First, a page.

It's not yet clear if this project has something to do with codename Chrysalis, a new BitTorrent client that went into alpha back in March 2011. Either way, if you want to stay up-to-date on the latest news, participate in invite-only betas, and reserve your spot to get the new uTorrent Plus first and with special discounts, you can sign up at utorrent.com/community/labs/plus.
Earlier this month, the BitTorrent protocol turned 10 years old. There are numerous BitTorrent clients available for multiple computing platforms, the most popular of which is uTorrent Version 3.0., which adds many new features, was released last month.
In January 2011, the company revealed that BitTorrent and uTorrent hit 100 million monthly users. On an average day, 20 million users from over 220 countries use either of the two BitTorrent clients, available in 52 languages, and 400,000 new clients are downloaded every day.
New Service Offers Music in Quantity, Not by Song
Excerpted from NY Times Report by Ben Sisario
Daniel Ek, the 28-year-old co-founder and public face of Spotify, the European digital music service, paced around the company's loftlike Manhattan office on Tuesday afternoon, clutching two mobile phones that buzzed constantly.
After nearly two years of stop-start negotiations with record labels, Spotify was preparing to finally open in the United States. With less than 48 hours before its planned start, however, the company still had not completed its final major label deal, with the Warner Music Group.
Yet Mr. Ek said he was confident that there would be no delay, and that Americans would soon be able to experience what has made Spotify the world's most celebrated new digital music service. He was right. By Wednesday afternoon, Spotify's deal with Warner was signed, and on Thursday, as scheduled, it will become available in the United States.
"We've made it easier to listen, and we've made it easier for people to share," Mr. Ek said. "Hence, people tend to get more into the experience, and they tend to find new music and build larger collections that they want to take with them. And therefore, they also pay more for music."
If Apple's iTunes ushered in digital music's first phase as a large-scale business, then Spotify and other services like it could be its future. Rather than selling individual tracks to be downloaded, subscription services sell monthly access to vast catalogs of music, with whatever songs a listener wants to hear streamed directly to his computer or mobile phone.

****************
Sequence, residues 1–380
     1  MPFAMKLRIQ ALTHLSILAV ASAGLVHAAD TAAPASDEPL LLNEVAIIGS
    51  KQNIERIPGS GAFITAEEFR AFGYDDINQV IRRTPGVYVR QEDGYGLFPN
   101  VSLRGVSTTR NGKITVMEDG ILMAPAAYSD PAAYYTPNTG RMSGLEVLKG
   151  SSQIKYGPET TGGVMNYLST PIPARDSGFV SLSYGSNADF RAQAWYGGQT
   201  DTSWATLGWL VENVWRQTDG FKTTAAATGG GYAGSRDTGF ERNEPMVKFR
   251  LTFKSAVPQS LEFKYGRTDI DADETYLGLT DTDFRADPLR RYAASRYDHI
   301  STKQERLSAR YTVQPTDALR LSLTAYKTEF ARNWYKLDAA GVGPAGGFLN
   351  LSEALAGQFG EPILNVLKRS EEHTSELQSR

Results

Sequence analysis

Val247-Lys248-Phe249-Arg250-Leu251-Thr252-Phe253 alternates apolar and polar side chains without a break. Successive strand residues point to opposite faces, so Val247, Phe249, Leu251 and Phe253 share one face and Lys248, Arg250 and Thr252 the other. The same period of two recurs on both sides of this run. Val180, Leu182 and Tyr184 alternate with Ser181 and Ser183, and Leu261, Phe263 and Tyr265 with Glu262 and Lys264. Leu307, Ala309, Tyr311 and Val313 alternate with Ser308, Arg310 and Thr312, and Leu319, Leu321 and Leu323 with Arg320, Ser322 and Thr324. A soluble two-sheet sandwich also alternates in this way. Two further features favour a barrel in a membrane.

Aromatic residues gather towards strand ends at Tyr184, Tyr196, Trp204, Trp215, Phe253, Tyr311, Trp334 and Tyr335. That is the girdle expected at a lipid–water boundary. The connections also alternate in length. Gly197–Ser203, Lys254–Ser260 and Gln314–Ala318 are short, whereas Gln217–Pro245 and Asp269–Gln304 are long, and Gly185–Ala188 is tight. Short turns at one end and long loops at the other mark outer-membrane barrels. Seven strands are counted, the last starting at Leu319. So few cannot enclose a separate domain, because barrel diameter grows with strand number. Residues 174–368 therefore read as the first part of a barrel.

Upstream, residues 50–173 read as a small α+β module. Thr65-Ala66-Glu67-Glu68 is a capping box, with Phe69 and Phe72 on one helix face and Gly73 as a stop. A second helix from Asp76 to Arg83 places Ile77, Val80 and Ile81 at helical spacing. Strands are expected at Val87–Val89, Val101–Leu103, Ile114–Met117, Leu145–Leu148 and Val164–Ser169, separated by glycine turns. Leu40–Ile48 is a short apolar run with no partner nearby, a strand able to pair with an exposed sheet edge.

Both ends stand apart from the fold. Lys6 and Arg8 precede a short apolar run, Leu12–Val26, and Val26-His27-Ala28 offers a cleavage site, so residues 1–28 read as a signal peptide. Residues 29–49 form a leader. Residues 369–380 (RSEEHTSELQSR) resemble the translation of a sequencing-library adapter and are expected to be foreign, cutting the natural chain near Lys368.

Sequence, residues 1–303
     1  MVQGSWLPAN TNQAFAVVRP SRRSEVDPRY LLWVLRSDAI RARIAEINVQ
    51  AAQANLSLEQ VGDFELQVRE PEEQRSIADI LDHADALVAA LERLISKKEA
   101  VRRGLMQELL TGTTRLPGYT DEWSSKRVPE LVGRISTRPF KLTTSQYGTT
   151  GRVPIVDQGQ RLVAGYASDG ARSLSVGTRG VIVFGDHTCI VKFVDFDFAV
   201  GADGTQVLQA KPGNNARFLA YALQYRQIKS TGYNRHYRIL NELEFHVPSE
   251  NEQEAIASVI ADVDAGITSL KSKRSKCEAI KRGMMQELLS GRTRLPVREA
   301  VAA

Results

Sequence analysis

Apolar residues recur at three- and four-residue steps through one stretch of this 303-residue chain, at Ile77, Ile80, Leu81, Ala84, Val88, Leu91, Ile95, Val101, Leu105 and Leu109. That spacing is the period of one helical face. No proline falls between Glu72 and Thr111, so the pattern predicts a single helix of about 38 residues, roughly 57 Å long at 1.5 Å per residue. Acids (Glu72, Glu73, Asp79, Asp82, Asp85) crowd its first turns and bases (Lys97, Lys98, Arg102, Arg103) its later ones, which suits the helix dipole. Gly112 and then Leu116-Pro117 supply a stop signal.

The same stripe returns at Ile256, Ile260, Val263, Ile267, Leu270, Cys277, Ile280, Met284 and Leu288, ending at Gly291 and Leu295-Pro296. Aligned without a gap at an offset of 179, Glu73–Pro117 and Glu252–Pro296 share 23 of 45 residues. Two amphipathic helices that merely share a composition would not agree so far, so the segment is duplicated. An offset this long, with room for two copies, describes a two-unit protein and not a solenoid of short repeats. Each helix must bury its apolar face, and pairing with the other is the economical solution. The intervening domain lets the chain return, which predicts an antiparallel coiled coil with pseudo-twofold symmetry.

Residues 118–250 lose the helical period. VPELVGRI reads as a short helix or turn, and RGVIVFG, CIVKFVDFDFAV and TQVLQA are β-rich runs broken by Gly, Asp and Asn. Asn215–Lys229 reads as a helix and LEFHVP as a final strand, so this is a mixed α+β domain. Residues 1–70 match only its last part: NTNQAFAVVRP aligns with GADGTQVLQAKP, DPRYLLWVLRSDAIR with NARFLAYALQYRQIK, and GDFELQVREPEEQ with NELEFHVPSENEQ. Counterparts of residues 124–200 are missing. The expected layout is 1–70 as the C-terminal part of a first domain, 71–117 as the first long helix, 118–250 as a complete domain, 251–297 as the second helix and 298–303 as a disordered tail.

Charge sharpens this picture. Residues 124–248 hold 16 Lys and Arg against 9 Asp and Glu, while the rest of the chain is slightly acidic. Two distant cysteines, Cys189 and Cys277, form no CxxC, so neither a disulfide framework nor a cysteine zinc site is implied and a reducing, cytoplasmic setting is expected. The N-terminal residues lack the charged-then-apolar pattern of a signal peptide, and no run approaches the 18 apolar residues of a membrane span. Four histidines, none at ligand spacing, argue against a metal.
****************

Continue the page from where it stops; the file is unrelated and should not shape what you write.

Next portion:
Spotify will be offered in the same three-tier plan that it has in Europe: a free, ad-supported version; a basic ad-free version for $5 a month; and a premium service for $10 a month that adds access on a mobile phone, higher audio quality and other perks.
At first, Spotify's free version will be available by invitation only, given out through current users or by the company to the thousands who have requested the service on Twitter and through its Web site. (Paid subscriptions will be available right away.)
With its lightning-fast interface, easy integration with Facebook and "freemium" business model, Spotify has quickly become the most popular such service in the world. Begun in Sweden in 2008 and until now available in only seven European countries, it has signed up 1.6 million paid subscribers and more than 10 million registered users in total. It also has been one of the fastest-growing investments in the new digital boom, having recently raised $100 million in a round of investment that valued the company at $1 billion.
But Spotify faces a number of challenges in the American market. While the company had relatively little competition in Europe as a subscription service, in the United States a number of similar companies have gotten a head start, including Rhapsody, Rdio and MOG. Like those services, Spotify allows its premium users to save a certain number of tracks to their phones for offline use, in the subway or on the plane. And new cloud services from Apple, Google and Amazon promise to make people's music collections available anywhere they go.
Whether the company makes a profit is another question. It lost $26.5 million in 2009, but it has not reported on its financial performance for last year.
Spotify's speed offers the company one significant advantage over its American competitors. (It achieves that speed partly through using a peer-to-peer network, which lets a song play almost instantaneously.) But its crucial selling point has been its free access, which the company believes can lure in new users, who then get attached to its playlisting and social networking features and will be enticed to join.
That reliance on free access, however, has also worried American record labels and some analysts, who fear that it could cannibalize sales from other sources, like iTunes.
"What Spotify seems to be doing is solidifying a perception that music should be free," said Mark Mulligan, an independent media analyst in Britain. "It's one thing to download from BitTorrent and keep looking over your virtual shoulder to make sure no one sends you a cease-and-desist letter. It's another to be streaming music freely from a service that you know even the labels are advocating."